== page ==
Nigel King, CTO Cambium Networks, explains the possibilities of wireless coverage for those at the wrong side of the digital divide.
A recent Ofcom report suggests that the financial implications of pandemic have caused unsustainable and unaffordable networks for UK citizens, with 4.7 million struggling to afford their telecoms bills this year. This comes at a time when UK’s population is more heavily reliant on digital services and reliable connections to continue working.
The Government’s original pledge to deliver full fibre in every home by 2025 has been revised, causing concern for “the unconnected” twofold; these vital networks are needed immediately as an economic lifeline, they have to be affordable too.
Connectivity speeds are typically highest with fibre, which explains the original appeal.
However, that doesn’t mean that fibre is always the best choice. Now that government spending has been reduced from £5bn to £1.2 billion, it may no longer be an option for maximising coverage for the UK’s hardest to reach 20%.
Where fibre or copper can be very difficult to implement in areas of the UK, it can become ultimately very expensive for the end-user. To this end, having the fastest speeds is probably less of a priority than being connected.
Now that remote working is the norm and the UK’s economy will put greater pressure on the agricultural sector following Brexit, rural communities cannot be overlooked. Alternative wireless solutions offer cheaper, high-performance broadband that can be delivered in much faster timescales to serve the digital economy.
Where wireline deployments are a very costly investment, tower equipment can be a much less financially draining alternative. This is particularly beneficial to those living rural areas as a single tower can cover a larger area, reducing the cost per home in remote, low density housing areas.
On a more practical level, wireless construction timescales are also much faster. Network providers can instal towers in a matter of days and reach ROI faster by shedding months off the gap between investment and revenues.
Wireless networks also bring wider bandwidths to rural communities which can empower the smart farming techniques that may well be a priority in the coming years. With higher capacity for data transfer, users can download, stream, upload in real-time, host voice calls and share data constantly and simultaneously. Alongside farms wanting to adopt innovative connected technology solutions, rural businesses can take advantage of the solutions available elsewhere in the country.
In the case of wide-ranging connectivity designed for such industrial IoT security will also be a main concern, and rightly so. Wireless access networks can now be configured with payment card industry (PCI) compliance standard password authentication and network owners can also set up specified frequencies for public safety.
How to deliver wireless broadband?
A successful wireless broadband deployment starts with the establishment of a remote Point of Presence (POP) site. With fixed wireless point-to-point (PTP) and point-to-multipoint (PMP) broadband technologies, strategically placed service providers can extend a high-quality deployment quickly, reliably and cost-effectively.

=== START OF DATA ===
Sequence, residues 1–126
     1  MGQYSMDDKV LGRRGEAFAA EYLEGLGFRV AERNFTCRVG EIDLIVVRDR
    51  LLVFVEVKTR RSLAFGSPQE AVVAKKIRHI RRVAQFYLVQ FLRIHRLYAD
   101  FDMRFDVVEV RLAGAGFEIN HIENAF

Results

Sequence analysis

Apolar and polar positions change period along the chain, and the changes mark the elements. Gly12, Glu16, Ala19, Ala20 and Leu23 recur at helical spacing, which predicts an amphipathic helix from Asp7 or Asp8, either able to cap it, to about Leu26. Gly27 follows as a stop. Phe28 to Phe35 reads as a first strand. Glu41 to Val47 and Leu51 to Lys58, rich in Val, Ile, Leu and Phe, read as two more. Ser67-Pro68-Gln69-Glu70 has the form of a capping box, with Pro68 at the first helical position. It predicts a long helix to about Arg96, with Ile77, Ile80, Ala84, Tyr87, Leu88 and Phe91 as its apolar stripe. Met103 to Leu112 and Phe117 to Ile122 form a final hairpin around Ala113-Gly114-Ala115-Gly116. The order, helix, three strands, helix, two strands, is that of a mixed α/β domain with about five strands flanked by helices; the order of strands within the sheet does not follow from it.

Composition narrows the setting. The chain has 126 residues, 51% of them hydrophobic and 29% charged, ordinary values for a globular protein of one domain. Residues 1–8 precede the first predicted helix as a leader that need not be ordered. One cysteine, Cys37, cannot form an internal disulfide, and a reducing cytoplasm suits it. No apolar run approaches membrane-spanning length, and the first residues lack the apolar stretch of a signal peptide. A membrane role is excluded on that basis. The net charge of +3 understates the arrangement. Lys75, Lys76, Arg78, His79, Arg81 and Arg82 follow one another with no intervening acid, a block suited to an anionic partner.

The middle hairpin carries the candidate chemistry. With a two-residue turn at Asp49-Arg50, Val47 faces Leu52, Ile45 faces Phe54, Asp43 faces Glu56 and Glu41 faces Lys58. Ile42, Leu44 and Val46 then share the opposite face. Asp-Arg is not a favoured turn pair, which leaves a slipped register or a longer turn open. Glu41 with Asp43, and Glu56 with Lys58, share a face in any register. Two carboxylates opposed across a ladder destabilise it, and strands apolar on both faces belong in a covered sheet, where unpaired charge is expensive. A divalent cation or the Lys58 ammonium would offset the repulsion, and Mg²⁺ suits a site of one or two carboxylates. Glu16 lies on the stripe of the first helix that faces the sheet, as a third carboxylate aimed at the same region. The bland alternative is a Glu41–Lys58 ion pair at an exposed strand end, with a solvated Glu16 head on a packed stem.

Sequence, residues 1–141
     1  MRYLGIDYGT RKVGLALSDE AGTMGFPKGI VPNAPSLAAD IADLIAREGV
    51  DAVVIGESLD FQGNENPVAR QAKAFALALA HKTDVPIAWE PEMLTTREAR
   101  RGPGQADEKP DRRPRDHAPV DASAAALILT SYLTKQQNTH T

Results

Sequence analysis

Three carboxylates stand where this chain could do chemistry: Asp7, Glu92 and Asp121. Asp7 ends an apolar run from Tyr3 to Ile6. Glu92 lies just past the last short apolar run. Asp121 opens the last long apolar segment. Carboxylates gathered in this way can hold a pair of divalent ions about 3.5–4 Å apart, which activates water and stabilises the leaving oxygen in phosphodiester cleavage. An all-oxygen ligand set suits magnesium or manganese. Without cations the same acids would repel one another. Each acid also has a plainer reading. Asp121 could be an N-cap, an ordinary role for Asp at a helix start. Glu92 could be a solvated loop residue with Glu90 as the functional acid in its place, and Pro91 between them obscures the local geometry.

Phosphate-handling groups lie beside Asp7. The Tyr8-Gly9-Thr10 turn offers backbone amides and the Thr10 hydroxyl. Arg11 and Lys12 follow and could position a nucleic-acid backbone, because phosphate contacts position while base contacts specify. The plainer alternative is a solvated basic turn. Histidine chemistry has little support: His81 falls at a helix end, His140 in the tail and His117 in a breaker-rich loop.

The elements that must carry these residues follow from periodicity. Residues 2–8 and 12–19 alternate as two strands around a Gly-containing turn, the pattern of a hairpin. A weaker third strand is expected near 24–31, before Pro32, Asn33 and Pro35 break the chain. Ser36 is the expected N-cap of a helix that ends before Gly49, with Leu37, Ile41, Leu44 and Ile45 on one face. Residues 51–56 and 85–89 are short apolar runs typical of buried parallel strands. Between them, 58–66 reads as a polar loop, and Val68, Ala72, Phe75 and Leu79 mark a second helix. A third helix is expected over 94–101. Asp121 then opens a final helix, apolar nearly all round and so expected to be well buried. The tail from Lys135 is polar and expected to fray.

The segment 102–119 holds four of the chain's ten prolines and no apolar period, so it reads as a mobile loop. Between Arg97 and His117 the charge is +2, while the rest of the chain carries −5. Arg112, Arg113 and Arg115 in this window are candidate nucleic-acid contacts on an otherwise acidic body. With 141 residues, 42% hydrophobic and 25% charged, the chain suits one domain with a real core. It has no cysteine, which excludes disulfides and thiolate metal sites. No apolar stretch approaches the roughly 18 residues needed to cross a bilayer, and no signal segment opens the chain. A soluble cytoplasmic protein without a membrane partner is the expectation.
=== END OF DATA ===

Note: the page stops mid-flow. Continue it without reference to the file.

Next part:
A PTP bridge extends the network’s presence over longer distances, allowing a network to reach a wider area. Using PTP wireless bridges ensures that all end-users receive throughput with dynamic spectrum, high capacity and a connection that is optimised for reliability.
Nodal points offer another method of producing cellularised 360-degree coverage, instead, from within the wireless infrastructure. Businesses can use these to connect structural areas and sites which might otherwise be affected by difficult topology. The result is modern high reliability point-to-multipoint systems, reaching fibre speeds at comparatively low cost.
Where reliability is changing in rural areas, detailed network analysis and real-time monitoring can help to maintain critical performance. With cloud-based wireless network managers deployed across network points, real-time updates can ensure that potential flaws are detected and amended as soon as possible.
How do we know it works?
The UK is not the only country in need of low-cost alternative to fibre that also offers high-reliability. These types of fixed wireless solutions have seen successful deployments in the Nordics, Italy and other European countries challenged with large areas of low-density populations and unaccommodating terrains.
The US government has also announced a $15bn investment in RDOF to connect its rural population with high-speed broadband. Now, low-cost fixed wireless products are available which even surpass fibre speeds over 1km.
With a strong case for fixed wireless, the UK government’s pledge does not need to be so rigidly connected to fibre.
In fact, changing strategy to incorporate a faster, more affordable solution will be instrumental in hitting the new proposed target of delivering 1Gbps-capable connections to a “minimum” of 85 percent of UK homes by 2025. With the impact of Brexit yet pending, nationwide internet access will provide the tools needed to offer social and economic support to the UK’s digital economy.